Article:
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Phantom particles triumph over electronics

Phantom particles triumph over electronics

W.If physicists describe complex phenomena in solids and other multi-particle systems, they often resort to unconventional approaches. In doing so, they sometimes pretend that the material contains atomic nuclei and electrons in addition to other imaginary particles, which they call quasiparticles. According to their true counterparts, they are assigned physical properties such as mass, energy, or momentum. With semiconductors, complex processes can be seen suddenly – such as those that occur in semiconductors. Phantom particles are not only used for theoretical considerations, but also to develop new types of electrical and optical components for the electronics of tomorrow. Scientists from the Lausanne Polytechnic got one three years ago A semiconductor transistor was introduced where a special type of quasiparticle flows for the first time in place of electrons, the so-called excitons.

Excitons consist of a negatively charged electron and a positively charged electron in a crystal lattice, also called a hole. These pairs of electronic holes are constructed into one SemiconductorsWhen an electron from an atom absorbs a photon (such as a laser beam) and enters a higher excited energy state. Exitons do not usually last long. Usually electrons and holes separate from each other instantly, or “fuse” into each other, at which point a light amount is released. Because of their brittleness, it was only possible for a long time at extremely low temperatures to maintain a large influx of excitons in semiconductors. Under these conditions, the electron and hole move only slowly and have a chance to form a bonding state for a long time.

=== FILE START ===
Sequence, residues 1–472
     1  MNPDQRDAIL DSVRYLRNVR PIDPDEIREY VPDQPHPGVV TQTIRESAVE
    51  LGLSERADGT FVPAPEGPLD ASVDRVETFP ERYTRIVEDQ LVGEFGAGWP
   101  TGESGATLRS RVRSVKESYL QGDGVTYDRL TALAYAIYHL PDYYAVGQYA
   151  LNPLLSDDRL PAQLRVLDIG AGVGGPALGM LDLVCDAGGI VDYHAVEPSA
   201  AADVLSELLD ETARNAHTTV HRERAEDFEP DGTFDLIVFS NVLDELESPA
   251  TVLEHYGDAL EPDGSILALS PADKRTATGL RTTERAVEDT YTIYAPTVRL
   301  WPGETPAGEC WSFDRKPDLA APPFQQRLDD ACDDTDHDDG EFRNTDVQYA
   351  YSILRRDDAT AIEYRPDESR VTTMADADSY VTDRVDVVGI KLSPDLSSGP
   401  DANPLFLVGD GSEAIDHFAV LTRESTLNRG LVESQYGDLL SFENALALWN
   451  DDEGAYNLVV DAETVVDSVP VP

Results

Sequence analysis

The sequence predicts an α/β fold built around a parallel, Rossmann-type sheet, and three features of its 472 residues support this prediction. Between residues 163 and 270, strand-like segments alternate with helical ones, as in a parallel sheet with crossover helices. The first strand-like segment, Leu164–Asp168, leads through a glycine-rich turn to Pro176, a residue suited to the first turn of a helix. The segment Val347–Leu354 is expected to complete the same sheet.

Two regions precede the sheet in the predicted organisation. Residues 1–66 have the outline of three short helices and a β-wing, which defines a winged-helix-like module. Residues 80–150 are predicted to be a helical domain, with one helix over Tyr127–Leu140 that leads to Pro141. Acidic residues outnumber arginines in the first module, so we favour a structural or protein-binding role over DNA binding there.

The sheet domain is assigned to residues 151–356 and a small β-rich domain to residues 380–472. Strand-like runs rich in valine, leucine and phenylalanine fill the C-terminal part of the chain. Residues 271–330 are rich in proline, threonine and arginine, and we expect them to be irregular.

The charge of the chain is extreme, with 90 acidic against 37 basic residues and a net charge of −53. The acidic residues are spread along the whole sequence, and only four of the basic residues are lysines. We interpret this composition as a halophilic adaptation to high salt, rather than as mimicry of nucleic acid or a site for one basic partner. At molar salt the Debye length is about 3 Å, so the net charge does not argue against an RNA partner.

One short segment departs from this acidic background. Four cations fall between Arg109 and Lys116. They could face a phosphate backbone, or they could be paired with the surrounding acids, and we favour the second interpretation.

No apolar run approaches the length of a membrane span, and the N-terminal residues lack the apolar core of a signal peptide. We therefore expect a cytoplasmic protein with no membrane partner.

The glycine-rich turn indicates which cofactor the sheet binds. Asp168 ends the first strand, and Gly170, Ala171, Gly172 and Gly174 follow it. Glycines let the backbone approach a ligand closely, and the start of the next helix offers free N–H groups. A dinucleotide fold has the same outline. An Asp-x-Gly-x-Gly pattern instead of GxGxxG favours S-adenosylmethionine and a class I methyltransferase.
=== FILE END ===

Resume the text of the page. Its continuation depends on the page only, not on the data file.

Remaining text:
The fact that the exciton transistor developed by Andras Kiss researchers also operates at room temperature relies on using two extremely thin layers of tungsten diselenide (WSe2) and molybdenum disulfide (MoS2) stacked on top of each other. Electrons and holes are formed – by the radiation of light – in a different layer of semiconductors. “The excitons in these materials have a particularly strong bond, and most importantly, they do not dissolve quickly at room temperature,” says Cassette.


Researchers on Andras Kiss (right) from EPFL: Alberto Syarucci, Ahmed Afsar, Dmitriy Onochik (left)
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Photo: A.Herzog, EPFL


Since excitons are not electrically charged, they do not migrate towards a positive or positive electrode like electrons or holes. In order to be able to manipulate quasiparticles, researchers use their electrical dipole moment. This quantity, also known as polarization, arises from the spatial separation between positive and negative charge. It causes the excitons to always move to where the electric field strength is greatest. Because the energy of excitons is the lowest.

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